Beat Hazard Review

April 23, 2010

There is a disclaimer as Beat Hazard loads up that reads as follows:

WARNING – Photosensitive Seizures: This game uses full screen strobing effects.

There has never been a better warning applied to any product ever. Because basically it admits from the beginning that even if you have never seized up during a particularly stimulating onscreen lightshow before, you certainly will have after you’ve played Beat Hazard for five minutes.

Beat Hazard is basically a mashup of Geometry Wars and Audio Surf. Your own music tracks are used to generate random oldschool-space-shooter-asteroids-type levels and enemies, complete with bosses, power-ups, secondary weapons and much more. You can play on your PC using either a mouse and keyboard or Xbox 360 Controller. The former scheme worked better for me, but popping in the controller is also a fairly natural way to blast away space junk and enemy ships.

Beat Hazard’s level generation functions a little better when paired with songs which have clear rhythmic patterns, such as dance, hip-hop and even pop tracks. I played one level based on the song ‘The Kids are Going to Love’ It by post-punk heroes Million Dead, and while the game remained fun, the song felt a little too loosely connected to what was going on, taking the role of soundtrack rather than interwoven gameplay feature.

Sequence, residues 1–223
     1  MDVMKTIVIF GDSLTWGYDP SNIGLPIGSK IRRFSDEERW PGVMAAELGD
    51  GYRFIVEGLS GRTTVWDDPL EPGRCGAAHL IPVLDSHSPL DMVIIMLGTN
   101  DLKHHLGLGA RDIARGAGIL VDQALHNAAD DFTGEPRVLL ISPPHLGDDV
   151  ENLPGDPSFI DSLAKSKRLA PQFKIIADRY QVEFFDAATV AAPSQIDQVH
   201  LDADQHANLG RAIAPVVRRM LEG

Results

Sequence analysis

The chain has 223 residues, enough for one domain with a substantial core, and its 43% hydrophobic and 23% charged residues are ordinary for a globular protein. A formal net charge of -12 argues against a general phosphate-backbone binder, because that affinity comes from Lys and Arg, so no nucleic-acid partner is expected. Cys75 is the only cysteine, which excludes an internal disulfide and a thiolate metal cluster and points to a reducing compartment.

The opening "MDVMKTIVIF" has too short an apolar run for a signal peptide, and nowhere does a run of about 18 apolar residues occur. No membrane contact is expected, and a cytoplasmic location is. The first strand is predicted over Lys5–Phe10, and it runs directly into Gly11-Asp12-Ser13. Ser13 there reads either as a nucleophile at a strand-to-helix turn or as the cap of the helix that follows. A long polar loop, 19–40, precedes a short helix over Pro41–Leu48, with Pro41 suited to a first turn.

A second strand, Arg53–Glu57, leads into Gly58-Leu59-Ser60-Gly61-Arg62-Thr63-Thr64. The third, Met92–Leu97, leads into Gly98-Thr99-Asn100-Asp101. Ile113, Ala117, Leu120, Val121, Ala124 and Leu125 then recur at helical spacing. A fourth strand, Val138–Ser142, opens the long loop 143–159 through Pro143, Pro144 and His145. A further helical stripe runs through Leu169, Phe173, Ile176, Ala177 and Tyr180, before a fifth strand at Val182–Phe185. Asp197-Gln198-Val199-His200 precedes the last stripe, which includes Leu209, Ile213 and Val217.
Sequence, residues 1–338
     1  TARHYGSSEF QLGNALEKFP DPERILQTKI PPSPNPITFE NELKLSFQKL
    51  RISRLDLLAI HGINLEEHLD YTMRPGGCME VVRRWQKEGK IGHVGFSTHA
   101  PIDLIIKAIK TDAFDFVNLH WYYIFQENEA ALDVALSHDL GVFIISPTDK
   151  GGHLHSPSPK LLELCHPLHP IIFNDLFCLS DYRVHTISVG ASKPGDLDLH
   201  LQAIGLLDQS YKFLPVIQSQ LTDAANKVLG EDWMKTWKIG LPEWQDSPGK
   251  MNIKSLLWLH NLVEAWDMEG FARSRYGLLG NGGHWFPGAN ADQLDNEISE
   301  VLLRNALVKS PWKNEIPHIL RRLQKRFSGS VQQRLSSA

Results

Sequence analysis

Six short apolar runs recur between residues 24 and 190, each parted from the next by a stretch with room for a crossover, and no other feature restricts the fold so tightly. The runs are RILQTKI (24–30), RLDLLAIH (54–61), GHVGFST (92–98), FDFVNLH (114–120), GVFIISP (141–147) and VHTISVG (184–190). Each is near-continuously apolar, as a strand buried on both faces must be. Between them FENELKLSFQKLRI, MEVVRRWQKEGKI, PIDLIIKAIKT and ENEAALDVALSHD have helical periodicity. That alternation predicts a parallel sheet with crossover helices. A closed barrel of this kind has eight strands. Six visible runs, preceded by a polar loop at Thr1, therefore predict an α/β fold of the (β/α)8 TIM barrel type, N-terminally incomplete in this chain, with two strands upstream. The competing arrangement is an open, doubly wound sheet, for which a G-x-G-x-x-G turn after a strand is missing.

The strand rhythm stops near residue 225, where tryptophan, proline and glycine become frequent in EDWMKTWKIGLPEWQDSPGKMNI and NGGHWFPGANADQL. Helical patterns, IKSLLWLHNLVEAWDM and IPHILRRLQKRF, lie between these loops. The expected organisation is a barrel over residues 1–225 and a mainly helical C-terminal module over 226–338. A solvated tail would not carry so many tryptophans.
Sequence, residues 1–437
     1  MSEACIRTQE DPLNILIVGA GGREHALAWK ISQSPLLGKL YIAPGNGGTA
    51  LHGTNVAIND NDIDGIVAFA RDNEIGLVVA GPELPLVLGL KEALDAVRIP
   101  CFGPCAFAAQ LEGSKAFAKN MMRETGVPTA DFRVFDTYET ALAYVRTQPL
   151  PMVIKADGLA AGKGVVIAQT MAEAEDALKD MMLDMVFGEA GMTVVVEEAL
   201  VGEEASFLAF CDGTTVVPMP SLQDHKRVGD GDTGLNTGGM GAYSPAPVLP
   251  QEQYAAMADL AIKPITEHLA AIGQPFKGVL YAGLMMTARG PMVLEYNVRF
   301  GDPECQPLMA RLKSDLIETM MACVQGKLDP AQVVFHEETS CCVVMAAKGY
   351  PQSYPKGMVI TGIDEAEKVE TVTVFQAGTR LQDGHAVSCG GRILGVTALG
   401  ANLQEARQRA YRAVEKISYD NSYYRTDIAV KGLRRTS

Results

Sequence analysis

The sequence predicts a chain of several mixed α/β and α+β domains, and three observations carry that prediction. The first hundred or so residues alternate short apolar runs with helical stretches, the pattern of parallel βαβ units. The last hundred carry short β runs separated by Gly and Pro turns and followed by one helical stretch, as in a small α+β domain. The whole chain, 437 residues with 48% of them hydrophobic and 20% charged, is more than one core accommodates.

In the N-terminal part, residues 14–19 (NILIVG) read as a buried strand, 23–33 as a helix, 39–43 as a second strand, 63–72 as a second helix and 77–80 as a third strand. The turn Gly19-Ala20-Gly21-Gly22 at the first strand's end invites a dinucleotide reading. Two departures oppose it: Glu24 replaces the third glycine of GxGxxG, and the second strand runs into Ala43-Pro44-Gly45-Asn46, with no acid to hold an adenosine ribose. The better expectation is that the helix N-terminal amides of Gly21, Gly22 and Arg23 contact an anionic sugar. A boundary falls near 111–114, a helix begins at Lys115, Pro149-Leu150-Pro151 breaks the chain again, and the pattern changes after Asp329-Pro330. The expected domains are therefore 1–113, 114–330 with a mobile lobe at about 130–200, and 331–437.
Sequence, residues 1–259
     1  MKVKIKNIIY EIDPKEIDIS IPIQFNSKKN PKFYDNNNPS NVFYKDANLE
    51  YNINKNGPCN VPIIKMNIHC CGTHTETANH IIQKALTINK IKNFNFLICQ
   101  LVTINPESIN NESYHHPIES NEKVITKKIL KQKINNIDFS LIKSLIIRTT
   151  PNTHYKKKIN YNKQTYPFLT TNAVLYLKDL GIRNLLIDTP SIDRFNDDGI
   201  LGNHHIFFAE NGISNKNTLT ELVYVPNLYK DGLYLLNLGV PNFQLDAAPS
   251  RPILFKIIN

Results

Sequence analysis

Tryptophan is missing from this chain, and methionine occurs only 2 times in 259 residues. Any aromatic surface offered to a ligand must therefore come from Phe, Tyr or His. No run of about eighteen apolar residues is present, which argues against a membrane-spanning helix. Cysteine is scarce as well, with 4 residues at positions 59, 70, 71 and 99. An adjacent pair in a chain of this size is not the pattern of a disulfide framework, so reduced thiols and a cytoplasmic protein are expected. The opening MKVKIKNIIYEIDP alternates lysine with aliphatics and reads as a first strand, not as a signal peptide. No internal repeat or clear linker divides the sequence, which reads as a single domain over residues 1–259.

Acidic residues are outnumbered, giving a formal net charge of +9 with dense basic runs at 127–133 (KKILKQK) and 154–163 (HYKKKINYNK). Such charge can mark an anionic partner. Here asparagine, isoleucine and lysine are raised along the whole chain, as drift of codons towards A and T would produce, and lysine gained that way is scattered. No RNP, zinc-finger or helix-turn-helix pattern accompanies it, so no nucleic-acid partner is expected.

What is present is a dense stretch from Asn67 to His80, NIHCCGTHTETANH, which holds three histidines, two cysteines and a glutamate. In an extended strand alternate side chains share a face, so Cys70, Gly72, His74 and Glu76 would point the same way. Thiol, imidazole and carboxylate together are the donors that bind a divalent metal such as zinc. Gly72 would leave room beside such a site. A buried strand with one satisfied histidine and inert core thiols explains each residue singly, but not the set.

The graphics are solid, although it is the lighting that is the clear star of the show, with the flat-looking ships and other items taking a back seat as streams of multicolour plasma pour impossibly from the nose of your vessel. It is nothing that you won’t have seen before in any of the recent reimaginings of classic top-down shooters, but it is probably one of the most manic in its class, with your eyeballs taking a real pounding as you mount up new weapons and let loose with massively destructive bombs and missiles.

There is a levelling system present within Beat Hazard, and the sense of progress does help make it feel like a worthwhile task to go through your song library and score huge points. You get the usual selection of online leader boards to compare your performance with others around the world, as well as unique achievements for completing certain tasks. How much playtime you salvage from Beat Hazard will depend on how much stress your eyes and ears can take. There is a lack of variety in the enemies and weapon upgrades after a few plays, so only the terminally competitive will be able to hold out for longer gaming sessions. Thankfully the budget price means you cannot look at it as a lost investment, as there is probably at least seven quids worth of fun to be had over time.

Beat Hazard is on Steam now, and also on Xbox LIVE I believe.


One Response to “Beat Hazard Review”

  1. nagekawashii Says:

    Beat Hazard is a wonderfully designed game, taking much from both Geometry Wars and Audiosurf indeed. But Cold Beam Games has combined them beautifully. See my review at

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